PARIS: Novak Djokovic made a huge leap towards a record 23rd men’s Grand Slam title with a 6-3, 5-7, 6-1, 6-1 French Open semifinal victory against an ailing Carlos Alcaraz in a clash of titans that ended in anti-climactic fashion on Friday.
World No 1 Alcaraz had just levelled the contest when disaster struck as he limped to his bench holding his right leg at 1-1 in the third set.
While he continued playing, the US Open champion was clearly hampered by cramps but Djokovic was merciless, dropping only one of 12 games to book a spot for Sunday’s showdown against either last year’s runner-up Casper Ruud or German Alexander Zverev.
“It’s been really tough for me, honestly. I disappointed myself honestly in a match like this,” said Alcaraz, who skipped this year’s Australian Open because of a hamstring injury.
“The first set and the second set were really, really intense and I started to cramp in my arm. At the beginning of the third set I started to cramp every part of my body, not only the legs. The arms, as well, every part of the legs.”
Djokovic will play his 34th Grand Slam final, his seventh at Roland Garros, where he lifted the Musketeers’ Cup twice, in 2016 and 2021.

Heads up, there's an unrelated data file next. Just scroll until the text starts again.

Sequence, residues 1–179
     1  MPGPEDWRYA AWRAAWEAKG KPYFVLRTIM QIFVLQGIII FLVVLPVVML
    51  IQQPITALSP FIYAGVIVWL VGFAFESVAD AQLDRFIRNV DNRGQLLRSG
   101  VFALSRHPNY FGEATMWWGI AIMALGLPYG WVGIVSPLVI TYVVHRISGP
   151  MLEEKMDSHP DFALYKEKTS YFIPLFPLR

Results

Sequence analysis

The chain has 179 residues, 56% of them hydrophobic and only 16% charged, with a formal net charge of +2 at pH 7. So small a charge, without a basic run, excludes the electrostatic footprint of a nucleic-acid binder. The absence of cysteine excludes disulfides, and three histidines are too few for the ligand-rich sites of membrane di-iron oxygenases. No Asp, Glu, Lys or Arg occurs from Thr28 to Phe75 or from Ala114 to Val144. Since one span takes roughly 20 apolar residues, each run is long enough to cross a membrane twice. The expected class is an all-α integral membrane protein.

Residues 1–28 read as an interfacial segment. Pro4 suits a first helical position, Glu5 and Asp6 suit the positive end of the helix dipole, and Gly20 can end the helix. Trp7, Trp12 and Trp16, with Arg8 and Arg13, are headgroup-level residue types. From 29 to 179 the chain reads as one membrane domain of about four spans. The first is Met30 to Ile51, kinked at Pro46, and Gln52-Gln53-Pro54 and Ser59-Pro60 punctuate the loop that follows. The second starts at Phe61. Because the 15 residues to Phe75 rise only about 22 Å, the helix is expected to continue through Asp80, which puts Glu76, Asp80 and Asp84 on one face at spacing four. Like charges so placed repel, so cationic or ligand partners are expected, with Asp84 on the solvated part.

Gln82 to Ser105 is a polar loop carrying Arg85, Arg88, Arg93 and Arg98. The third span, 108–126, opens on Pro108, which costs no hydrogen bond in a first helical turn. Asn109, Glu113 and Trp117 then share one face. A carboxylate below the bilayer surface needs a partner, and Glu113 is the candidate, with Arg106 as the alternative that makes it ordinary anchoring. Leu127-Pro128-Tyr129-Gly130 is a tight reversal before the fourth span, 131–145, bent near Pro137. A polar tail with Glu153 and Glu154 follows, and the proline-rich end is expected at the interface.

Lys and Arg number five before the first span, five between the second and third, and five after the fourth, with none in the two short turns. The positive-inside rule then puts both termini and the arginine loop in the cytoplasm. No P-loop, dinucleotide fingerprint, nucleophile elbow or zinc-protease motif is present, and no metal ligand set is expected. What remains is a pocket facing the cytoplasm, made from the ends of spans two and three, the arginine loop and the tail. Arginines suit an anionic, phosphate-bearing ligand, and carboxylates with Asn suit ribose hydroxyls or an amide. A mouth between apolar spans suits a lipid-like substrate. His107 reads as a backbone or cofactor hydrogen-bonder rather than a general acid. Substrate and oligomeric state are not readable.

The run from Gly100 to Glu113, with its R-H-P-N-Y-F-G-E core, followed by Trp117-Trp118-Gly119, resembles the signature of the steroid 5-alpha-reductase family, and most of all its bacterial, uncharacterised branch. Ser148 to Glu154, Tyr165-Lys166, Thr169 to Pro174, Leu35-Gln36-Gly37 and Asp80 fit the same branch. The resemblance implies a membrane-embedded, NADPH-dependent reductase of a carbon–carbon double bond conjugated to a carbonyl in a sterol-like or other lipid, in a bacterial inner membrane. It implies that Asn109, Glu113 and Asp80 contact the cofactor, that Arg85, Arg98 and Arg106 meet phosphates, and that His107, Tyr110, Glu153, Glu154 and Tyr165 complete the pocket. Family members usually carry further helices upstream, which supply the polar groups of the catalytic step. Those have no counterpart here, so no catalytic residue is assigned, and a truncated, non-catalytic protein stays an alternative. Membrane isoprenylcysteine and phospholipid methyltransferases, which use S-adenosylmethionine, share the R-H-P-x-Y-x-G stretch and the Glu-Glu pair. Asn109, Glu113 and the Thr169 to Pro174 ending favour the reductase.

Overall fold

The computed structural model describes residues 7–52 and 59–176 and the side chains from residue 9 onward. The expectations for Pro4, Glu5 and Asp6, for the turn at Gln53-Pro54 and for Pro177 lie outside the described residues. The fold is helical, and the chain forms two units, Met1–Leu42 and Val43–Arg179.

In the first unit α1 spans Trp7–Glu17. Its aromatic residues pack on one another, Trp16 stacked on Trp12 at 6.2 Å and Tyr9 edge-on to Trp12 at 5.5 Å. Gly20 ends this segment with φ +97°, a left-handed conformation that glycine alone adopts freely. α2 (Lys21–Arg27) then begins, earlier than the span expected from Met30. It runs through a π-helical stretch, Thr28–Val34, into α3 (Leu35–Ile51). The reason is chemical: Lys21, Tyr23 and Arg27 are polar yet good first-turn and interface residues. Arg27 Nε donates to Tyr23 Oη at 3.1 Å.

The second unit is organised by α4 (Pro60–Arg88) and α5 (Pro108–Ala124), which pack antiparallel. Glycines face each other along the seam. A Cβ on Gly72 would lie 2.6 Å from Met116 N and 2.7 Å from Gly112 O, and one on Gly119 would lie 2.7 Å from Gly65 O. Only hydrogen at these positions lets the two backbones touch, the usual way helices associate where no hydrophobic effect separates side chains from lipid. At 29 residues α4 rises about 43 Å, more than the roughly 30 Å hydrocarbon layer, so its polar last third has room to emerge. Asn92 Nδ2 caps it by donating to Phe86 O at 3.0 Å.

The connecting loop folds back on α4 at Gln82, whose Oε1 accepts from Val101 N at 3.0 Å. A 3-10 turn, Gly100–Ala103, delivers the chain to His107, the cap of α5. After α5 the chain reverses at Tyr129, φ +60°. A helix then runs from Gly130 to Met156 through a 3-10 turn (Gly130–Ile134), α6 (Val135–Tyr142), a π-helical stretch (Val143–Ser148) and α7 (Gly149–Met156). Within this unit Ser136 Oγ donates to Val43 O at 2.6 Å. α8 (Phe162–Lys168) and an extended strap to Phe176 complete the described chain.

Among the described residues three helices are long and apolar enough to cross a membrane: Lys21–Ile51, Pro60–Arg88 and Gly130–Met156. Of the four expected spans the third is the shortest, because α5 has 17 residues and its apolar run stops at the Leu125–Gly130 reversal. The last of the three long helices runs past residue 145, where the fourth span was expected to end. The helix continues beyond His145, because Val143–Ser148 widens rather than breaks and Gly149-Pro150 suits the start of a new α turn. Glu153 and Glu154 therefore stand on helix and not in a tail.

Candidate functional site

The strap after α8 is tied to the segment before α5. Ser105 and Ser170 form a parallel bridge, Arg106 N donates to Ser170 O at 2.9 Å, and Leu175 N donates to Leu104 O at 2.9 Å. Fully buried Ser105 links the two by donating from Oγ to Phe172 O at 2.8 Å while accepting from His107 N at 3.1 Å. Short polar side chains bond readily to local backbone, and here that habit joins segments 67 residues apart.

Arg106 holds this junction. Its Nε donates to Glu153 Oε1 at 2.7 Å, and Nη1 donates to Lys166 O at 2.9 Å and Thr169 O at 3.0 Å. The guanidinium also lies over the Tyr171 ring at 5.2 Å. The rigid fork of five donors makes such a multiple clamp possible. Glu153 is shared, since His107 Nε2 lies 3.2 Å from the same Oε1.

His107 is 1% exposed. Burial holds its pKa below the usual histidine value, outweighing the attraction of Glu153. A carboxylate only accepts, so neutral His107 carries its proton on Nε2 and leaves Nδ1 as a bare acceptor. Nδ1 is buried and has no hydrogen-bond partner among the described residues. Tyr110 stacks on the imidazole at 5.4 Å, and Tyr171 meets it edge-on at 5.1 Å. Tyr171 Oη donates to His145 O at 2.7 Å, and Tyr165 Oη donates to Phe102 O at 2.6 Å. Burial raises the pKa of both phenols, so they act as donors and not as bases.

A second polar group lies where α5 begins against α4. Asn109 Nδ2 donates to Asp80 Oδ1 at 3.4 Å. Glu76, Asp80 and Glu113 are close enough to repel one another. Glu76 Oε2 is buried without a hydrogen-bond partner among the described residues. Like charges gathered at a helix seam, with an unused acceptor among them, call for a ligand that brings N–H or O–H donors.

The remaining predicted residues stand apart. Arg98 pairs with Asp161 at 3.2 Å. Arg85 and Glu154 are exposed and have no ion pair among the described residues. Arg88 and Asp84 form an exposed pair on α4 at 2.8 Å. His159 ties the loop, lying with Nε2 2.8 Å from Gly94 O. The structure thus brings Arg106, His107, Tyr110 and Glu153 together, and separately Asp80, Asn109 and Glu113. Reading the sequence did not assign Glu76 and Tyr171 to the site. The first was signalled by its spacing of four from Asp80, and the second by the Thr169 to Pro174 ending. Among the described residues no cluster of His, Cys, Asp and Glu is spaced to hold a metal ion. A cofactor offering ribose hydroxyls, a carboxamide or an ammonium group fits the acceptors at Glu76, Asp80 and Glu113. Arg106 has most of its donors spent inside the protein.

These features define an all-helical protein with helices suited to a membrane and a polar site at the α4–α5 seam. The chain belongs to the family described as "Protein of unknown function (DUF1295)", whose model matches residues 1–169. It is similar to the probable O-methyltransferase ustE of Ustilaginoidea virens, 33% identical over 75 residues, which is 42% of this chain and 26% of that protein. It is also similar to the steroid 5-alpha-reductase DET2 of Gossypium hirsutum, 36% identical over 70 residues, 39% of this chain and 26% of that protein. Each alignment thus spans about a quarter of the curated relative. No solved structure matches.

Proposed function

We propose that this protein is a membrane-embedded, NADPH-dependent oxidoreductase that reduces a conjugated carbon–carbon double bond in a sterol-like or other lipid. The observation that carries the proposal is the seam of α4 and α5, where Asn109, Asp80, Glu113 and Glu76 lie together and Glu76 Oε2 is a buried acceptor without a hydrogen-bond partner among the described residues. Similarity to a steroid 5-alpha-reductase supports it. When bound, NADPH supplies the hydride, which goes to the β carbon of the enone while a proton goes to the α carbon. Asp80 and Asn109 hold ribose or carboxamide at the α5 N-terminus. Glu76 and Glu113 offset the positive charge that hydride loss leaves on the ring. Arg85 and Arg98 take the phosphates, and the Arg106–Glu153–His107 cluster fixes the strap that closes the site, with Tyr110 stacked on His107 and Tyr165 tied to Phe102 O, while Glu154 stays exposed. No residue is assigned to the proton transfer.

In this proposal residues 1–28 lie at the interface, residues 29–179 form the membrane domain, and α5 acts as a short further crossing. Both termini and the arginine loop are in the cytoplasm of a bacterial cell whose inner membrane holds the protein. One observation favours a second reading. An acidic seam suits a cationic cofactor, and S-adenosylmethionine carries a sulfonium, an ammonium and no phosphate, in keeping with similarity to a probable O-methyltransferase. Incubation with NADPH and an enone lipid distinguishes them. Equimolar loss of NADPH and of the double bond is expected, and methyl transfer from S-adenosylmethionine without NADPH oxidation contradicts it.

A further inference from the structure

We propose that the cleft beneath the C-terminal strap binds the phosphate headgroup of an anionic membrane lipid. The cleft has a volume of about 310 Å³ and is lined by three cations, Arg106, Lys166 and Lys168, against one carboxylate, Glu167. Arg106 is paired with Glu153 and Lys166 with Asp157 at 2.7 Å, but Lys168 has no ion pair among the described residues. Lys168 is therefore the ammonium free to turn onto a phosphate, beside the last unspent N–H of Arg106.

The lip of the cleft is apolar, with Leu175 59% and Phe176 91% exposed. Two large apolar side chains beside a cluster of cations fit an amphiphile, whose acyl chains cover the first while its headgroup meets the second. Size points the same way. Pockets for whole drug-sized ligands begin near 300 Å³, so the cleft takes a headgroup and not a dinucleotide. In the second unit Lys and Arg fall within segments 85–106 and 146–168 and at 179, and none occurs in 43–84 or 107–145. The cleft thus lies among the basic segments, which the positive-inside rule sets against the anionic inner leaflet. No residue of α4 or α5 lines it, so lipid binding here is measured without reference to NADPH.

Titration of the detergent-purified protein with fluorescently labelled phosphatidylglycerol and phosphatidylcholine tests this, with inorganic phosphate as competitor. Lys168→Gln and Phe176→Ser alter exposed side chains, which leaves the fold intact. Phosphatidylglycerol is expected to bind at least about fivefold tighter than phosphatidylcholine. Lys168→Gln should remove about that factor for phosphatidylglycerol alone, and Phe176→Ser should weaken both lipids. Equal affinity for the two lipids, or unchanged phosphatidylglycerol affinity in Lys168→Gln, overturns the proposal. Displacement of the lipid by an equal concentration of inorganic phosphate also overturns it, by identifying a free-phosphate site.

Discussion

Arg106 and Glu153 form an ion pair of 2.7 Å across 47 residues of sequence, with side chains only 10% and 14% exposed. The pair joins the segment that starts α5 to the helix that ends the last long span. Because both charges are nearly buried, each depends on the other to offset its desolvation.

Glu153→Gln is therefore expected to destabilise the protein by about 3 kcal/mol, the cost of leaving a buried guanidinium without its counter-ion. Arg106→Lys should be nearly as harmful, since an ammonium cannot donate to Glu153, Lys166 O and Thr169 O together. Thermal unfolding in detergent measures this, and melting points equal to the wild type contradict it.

The 36-year-old was facing the ultimate test against Alcaraz, who had bulldozed through the draw, only for the machine to break down in abrupt fashion.
“Tough luck for Carlos. Obviously at this level, the last thing you want is cramps and physical problems in the last stages of a Grand Slam,” said Djokovic, who was in his 46th semifinal at a major.
“It was probably difficult for him to decide whether he should retire or continue until the last point but he’s a fighter, so respect to him for that.”
The much-awaited clash had started with Djokovic going for the throat and breaking for 3-1 before saving four break points and taking the opening set after almost an hour.
With Mike Tyson watching from the stands, both players traded punches and Djokovic was on the ropes in the second set, with Alcaraz playing several spectacular shots.
After an exchange of breaks, the 20-year-old Spaniard levelled as Djokovic overcooked a forehand and it appeared that the momentum had shifted.
“It is not easy to maintain that intensity,” said Djokovic, who has now won his last 100 Grand Slam matches in which he bagged the opening set.
“Towards the end of the second set he was the better player. I had to be aggressive, to take the ball early otherwise he would be the aggressive one. He is very fast, very dynamic so I had to match that and do even better, which was very exhausting.”
It was, however, the youngest player’s body that capitulated first in a contest that could have been a classic.